July 01, 2004


I've been going to quite a few sessions on Java Server Faces (I still have one to go, tomorrow). It's certainly one of the hot issues of the conference. They've ranged from the interesting and engaging to the boring and dreadfully badly presented. One of the best was David Geary's session, which included best practices, client-side validation a la Struts, and most intriguingly, using Tiles with JSF. The only real trick is to stick tiles-scoped variables into request scope so that they can be used in the JSF EL.

David did call JSF an MVC framework; there seems to be no clear line on this. I've also heard differing opinions as to why the EL uses # instead of $, though it certainly seems to be involved with the stage at which it's evaluated, and there was a definite-sounding commitment to merge the two varieties somewhere down the line.

The picture seems to be clear that JSF will take over from Struts; it has achieved commercial backing remarkably fast and within a few month there will be an explosion of tools that use it and components and renderkits for it (Oracle will be releasing 70+ components for it next month). Apart from simplifications over Struts and the fact that it is a standard, the "toolability" (yes, I've heard this word used!) of JSF is seen as the main reason it will succeed.

Now it's almost 10.30pm and so time to go to the JDO 2 BOF.

- 2 comments by 2 or more people Not publicly viewable

  1. Chris May

    I find the 'toolability' argument a bit unsettling (quite apart from the word itself ;-)) because it's exactly the same argument that was presented for EJB2 - "Don't worry about the Home interface & Bean interface & abstract implementation & deployment descriptor & container configuration that you need for your SLSB to work – the tooling* will sort all that out for you". Sure, the tools do generate that for you, but that doesn't mean that EJBs aren't (a) a pain to debug (b) a pain to test and (c) a pain to model.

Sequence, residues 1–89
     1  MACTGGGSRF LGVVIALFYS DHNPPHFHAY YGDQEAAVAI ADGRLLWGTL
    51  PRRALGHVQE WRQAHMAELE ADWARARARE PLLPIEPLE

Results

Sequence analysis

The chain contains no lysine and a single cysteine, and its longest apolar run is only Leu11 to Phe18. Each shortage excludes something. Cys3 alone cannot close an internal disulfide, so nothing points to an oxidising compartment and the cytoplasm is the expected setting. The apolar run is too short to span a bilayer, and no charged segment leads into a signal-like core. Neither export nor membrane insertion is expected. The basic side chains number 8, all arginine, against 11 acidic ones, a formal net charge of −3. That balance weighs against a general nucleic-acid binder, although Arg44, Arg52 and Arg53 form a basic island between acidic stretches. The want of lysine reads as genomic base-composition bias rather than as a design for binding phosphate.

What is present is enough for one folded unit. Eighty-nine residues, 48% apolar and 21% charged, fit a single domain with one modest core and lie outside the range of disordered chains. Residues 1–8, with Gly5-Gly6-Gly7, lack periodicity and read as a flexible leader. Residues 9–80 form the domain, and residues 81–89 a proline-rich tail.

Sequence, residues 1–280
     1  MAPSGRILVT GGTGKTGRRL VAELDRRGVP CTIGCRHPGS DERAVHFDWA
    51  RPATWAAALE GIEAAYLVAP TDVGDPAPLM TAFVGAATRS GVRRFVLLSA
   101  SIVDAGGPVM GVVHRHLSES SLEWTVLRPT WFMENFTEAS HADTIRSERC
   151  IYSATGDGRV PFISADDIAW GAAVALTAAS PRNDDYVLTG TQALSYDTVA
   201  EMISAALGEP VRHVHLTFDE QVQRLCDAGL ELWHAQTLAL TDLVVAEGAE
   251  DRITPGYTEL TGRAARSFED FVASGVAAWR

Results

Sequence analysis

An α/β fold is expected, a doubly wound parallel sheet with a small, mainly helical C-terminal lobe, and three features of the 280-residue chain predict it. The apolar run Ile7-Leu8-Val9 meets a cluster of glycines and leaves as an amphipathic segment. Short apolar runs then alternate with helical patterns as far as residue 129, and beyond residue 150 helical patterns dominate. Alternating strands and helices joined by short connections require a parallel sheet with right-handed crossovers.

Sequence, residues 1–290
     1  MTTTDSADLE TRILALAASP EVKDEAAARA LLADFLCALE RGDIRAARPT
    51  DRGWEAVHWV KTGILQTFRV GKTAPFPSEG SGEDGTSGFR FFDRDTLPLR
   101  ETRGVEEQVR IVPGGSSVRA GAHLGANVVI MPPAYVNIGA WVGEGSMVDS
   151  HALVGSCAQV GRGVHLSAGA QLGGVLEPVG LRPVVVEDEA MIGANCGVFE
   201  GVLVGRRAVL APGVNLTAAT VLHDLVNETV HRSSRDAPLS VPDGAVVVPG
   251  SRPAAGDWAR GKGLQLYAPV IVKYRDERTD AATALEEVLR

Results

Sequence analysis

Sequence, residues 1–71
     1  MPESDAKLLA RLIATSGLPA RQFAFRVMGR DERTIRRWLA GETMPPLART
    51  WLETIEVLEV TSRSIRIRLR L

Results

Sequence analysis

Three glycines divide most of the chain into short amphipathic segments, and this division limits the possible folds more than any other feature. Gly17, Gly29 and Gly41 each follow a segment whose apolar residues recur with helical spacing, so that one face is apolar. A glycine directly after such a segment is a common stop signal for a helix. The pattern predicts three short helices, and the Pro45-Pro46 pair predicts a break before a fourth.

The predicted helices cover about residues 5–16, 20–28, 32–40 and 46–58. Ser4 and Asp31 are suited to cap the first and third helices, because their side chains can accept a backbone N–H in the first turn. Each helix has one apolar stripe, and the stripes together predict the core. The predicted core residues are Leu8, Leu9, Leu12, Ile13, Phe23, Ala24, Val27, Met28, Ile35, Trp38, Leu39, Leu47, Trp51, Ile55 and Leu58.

The problem, ISTM, is that if you permit a complex solution on the grounds that tools will hide that complexity, the complexity always manages to find somewhere to show up. Maybe it won't be in any of a,b,or c this time round (although debugging certainly seems to have got harder with JSF than with JSP/JSTL) but I bet it will come out somewhere.

    Plus ca change…

    • tooling was the equivalent of toolability 2 years ago, as I recall – an ugly word used just slightly out of it's normal context.

    01 Jul 2004, 07:10

  2. I don't think it is the same argument being advanced. JSF is simple; backing beans are POJOs and aren't coupled to the framework. What they mean is not that you'll need tools to hide complexity in JSF (you don't; I've been doing it by hand and it's not hard), but that there will be a ton of tools that will speed up prototyping and allow web designers and coders to collaborate.

    01 Jul 2004, 19:28

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